Of the full Curtis opus N. Scott Momaday says: “Taken as a whole, the work of Edward S. Curtis is a singular achievement. Never before have we seen the Indians of North America so close to the origins of their humanity...Curtis’ photographs comprehend indispensible images of every human being at every time in every place” Don Gulbrandsen, who wrote Edward Sheriff Curtis: Visions of the First Americans, puts it this way in his introductory essay on Curtis’ life: “The faces stare out at you, images seemingly from an ancient time and from a place far, far away…Yet as you gaze at the faces the humanity becomes apparent, lives filled with dignity but also sadness and loss, representatives of a world that has all but disappeared from our planet.” In Shadow Catcher: The Life and Work of Edward S. Curtis, Laurie Lawlor reveals that “many Native Americans Curtis photographed called him Shadow Catcher. But the images he captured were far more powerful than mere shadows. The men, women, and children in The North American Indian seem as alive to us today as they did when Curtis took their pictures in the early part of the twentieth century. Curtis respected the Indians he encountered and was willing to learn about their culture, religion and way of life. In return the Indians respected and trusted him. When judged by the standards of his time, Curtis was far ahead of his contemporaries in sensitivity, tolerance, and openness to Native American cultures and ways of thinking.”...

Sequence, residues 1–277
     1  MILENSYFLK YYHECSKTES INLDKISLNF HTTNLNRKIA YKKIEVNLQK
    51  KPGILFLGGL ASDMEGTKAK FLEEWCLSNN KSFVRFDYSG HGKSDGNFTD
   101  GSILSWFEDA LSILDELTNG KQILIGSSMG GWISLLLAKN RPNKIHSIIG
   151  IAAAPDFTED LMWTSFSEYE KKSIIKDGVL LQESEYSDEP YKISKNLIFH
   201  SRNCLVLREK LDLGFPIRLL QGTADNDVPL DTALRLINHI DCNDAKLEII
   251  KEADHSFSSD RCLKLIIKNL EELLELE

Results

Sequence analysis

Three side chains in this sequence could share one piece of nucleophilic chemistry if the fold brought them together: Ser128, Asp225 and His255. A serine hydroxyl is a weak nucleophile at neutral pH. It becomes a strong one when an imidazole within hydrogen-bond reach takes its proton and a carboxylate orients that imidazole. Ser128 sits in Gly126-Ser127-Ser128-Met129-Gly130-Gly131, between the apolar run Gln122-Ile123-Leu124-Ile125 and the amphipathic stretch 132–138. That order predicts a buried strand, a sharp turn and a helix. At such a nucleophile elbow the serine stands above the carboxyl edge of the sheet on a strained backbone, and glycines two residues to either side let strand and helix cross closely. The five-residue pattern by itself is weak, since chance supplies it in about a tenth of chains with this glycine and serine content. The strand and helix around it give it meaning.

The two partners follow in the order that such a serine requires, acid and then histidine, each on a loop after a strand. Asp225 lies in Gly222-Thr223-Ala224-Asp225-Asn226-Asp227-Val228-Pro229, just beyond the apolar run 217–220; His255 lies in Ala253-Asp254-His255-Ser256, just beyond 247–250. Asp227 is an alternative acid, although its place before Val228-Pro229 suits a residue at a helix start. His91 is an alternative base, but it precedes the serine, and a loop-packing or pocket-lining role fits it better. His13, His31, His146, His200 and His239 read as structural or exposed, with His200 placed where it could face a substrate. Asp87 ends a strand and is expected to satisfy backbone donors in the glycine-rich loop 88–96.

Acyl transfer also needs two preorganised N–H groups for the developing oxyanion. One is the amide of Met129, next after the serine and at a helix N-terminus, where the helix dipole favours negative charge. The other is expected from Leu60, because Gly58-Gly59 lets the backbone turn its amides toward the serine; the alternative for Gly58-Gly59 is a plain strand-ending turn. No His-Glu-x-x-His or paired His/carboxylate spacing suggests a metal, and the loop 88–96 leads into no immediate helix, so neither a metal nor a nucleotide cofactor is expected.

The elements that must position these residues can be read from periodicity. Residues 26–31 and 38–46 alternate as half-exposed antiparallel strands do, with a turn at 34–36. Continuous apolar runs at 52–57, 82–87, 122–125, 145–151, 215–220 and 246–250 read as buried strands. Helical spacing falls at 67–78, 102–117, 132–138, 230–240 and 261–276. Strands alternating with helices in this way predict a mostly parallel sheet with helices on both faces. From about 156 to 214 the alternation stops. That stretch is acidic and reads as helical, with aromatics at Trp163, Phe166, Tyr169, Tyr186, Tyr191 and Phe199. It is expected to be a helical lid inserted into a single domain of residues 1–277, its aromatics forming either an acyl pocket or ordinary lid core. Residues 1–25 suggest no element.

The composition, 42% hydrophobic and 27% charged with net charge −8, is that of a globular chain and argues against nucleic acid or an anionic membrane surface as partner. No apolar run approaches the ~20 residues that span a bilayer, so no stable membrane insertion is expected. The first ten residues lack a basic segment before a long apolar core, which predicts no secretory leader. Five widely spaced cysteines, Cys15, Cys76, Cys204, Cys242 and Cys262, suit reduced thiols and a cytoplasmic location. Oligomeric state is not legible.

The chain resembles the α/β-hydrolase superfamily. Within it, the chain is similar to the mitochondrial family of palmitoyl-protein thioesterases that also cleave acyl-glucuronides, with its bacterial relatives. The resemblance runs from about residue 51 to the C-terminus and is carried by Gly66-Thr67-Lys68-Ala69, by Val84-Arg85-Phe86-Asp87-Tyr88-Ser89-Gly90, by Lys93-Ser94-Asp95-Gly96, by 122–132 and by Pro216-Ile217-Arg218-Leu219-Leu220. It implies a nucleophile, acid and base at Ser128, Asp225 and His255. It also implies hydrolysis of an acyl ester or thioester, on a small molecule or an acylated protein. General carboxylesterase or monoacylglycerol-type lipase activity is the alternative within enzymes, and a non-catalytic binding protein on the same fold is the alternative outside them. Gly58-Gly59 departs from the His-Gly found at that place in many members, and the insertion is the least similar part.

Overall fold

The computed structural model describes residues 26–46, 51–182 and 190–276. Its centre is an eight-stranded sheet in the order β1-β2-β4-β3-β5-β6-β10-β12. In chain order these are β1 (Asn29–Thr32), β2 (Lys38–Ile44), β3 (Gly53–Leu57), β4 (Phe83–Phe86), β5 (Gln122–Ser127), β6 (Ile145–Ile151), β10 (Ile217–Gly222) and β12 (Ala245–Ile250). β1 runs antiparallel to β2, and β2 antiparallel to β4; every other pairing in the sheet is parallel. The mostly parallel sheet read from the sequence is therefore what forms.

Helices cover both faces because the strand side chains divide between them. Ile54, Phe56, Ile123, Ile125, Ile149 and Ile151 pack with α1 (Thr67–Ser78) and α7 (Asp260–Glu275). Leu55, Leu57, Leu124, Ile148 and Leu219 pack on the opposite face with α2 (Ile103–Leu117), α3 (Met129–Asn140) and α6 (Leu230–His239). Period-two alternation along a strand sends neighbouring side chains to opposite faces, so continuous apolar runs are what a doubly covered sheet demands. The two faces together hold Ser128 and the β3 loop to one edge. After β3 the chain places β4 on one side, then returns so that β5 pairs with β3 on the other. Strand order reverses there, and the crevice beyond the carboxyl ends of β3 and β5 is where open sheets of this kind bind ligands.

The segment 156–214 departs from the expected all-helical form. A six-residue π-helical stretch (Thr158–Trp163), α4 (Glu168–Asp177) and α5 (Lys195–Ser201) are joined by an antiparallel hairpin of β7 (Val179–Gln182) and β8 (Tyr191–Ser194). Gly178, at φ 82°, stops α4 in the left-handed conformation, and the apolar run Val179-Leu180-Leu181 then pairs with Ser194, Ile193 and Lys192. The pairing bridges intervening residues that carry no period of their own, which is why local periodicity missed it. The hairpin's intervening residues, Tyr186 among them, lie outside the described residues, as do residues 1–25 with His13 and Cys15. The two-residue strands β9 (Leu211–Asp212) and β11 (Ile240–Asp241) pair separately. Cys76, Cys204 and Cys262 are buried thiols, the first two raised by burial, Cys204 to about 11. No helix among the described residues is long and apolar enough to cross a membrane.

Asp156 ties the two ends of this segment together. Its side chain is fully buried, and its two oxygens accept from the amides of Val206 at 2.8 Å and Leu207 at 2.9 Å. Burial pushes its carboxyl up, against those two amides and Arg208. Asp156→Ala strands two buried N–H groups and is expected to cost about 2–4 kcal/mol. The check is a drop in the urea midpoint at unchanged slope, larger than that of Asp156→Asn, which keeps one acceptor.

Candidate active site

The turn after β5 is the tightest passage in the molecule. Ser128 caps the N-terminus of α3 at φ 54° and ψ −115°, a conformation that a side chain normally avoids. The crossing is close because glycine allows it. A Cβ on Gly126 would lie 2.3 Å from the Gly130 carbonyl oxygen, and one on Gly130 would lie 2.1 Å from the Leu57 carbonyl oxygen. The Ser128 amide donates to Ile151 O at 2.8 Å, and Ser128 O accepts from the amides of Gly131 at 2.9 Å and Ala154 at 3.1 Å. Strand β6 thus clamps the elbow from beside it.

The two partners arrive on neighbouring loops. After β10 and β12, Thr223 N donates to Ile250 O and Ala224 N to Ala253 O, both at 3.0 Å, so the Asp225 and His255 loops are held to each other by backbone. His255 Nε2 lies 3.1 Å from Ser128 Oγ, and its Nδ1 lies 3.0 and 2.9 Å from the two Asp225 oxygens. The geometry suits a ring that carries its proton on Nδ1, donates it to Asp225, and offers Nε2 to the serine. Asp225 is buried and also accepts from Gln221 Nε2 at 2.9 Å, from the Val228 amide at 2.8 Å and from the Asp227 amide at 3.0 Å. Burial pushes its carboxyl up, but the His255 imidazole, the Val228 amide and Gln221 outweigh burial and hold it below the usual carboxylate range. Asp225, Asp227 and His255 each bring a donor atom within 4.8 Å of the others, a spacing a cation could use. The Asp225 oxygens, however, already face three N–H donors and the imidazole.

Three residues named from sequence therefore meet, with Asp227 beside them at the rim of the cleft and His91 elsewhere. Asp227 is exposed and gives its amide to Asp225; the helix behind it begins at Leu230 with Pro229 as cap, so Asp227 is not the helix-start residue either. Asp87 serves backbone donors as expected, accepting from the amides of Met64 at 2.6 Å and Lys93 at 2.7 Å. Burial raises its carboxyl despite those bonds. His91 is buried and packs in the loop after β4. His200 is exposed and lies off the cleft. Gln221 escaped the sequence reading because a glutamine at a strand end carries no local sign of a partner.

Me recuerdan aquellas fotos de la escolarización que sufrieron, con gran violencia, niños nativos americanos del s.XIX y comienzos del s.XX. Arrancados a sus familias un enorme número de niños fue escolarizado para "educarlos". Se hicieron fotos de estos grupos de niños "antes" y "después" del proceso educativo occidentalizador. Un ejemplo: Cuando miro estas fotos que unas autoridades racistas hicieron para demostrar el estado "salvaje" anterior y el estado "civilizado" posterior yo veo justo lo contrario. La dignidad y la libertad fueron sustuidas por inseguridad y desarraigo. ( ESPAÑOL)